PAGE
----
I know this is not funny for you guys, but I had to laugh about how all of those family members simply ignored your well meant advice. That is definitely head in the sand syndrome. I have tried for a long time to find the connection between autoimmune diseases and my health. With this celiac diagnosis I have finally found it. All of the puzzle pieces are in place for sure and it is going to be my mission to do the best possible in order to get healthy again. What a sneaky disease this is and to think that none of my family members never were diagnosed, despite the fact that both have been in doctor's care all of their lives. It really goes to show that most medical doctors simply seem to completely disconnect nutrition with health. I am scared to give that advice to people when I see them suffering from specific diseases. But there are people that I would like to help if I can. Scared to make those suggestions, because so many times negative reactions follow and all I meant to do was to help that person.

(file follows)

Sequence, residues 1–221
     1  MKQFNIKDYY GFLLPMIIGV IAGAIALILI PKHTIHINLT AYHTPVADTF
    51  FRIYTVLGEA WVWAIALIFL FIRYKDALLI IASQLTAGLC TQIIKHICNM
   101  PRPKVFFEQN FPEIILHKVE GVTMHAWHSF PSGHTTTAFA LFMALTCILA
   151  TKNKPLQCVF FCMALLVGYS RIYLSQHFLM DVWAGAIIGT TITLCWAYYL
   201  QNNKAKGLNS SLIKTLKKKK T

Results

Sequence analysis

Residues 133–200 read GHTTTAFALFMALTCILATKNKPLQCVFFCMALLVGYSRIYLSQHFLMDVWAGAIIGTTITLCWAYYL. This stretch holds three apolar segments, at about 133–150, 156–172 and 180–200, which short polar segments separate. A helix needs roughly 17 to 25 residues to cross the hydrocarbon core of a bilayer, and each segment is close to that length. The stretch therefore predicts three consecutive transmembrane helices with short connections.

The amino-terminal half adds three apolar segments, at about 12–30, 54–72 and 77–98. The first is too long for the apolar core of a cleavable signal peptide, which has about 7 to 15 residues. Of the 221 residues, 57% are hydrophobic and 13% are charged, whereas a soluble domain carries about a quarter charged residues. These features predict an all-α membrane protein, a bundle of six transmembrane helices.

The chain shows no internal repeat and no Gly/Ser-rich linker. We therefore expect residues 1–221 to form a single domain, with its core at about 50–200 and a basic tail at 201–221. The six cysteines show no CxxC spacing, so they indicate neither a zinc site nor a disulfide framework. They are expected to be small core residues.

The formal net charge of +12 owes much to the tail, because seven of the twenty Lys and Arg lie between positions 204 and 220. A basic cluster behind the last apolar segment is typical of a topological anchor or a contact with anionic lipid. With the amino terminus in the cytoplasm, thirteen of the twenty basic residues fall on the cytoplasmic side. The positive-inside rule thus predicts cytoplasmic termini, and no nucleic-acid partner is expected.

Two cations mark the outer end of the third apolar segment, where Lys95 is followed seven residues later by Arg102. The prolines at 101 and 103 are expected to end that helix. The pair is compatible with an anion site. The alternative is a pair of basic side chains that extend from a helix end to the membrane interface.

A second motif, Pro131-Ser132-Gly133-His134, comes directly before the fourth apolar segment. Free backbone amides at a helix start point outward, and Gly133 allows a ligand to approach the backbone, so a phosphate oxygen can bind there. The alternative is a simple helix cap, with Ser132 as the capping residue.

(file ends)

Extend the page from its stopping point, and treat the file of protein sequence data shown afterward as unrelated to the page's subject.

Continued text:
There are definitely things you can do to make it easier on yourself. But all of my ideas seem to cost money and involve cooking. But I'll give it a shot anyway in case you haven't already thought of it. I would buy a small chest freezer and put gluten-free foods in it. Canyon bakehouse sells their fantastic bread and bagels right on their website. You can just buy a case of it. Then if you ever get in the mood for a sandwich or bagel the bread's right there frozen in your chest freezer. If you get invited to somebody's house for dinner find out what their cooking and make your own similar version of it. So for Easter I would make ham, potatoes and broccoli and bring that with me. So when everybody else is eating a fantastic Easter dinner I'm also eating a fantastic Easter dinner. I have other food issues and before celiac I was invited to a friend's wedding. I wasn't going to be able to eat the food they were serving so I made similar food at home. They were serving lamb, ham, vegetables, potatoes. So I brought ham, corn and potatoes with me and heated it up when everybody was going to the buffet to get their food. So when everybody else was pigging out on this great wedding dinner I was also pigging out on a great dinner. And nobody would have noticed if they didn't try. Sometimes you just get in the mood to have a frozen dinner and just don't feel like cooking something. There's two ways you can go about this. I happen to be addicted to Udi's chicken Florentine and think that their broccoli kale lasagna is very good as well. So I'd stock up on that in that chest freezer. glutenfreemall.com has tons of stuff. On Sunday you can make a weeks worth of food and freeze a lot of it in individual portions. After a few weeks you will have several different meals in the chest freezer that you made at home. You can eat those on weeknights when you're too busy to cook. In my family Friday night was always eat out fast food night. McDonald's, Burger King, pizza, fried chicken. So for pizza my plan is to purchase Etalia New York style pizza crusts. Purchase some Escalon six in one crushed tomatoes and freeze in individual portions. Buy some Grande 50/50 mozzarella cheese and freeze in individual portions as well. If on Friday night if I am in the mood for pizza I'll just grab a crust, a portion of sauce and a portion of cheese from the chest freezer and make myself pizza in under 15 minutes. When I get invited to a barbecue I bring loaded potato skins or batter fried chicken wings. Everybody loves them as do I. I by Pamela's gluten-free flour from Amazon six at a time. So I always have some available. For the record, at the moment I am an extremely strict diet and cannot do any of the above. But will go back to that method in a few months.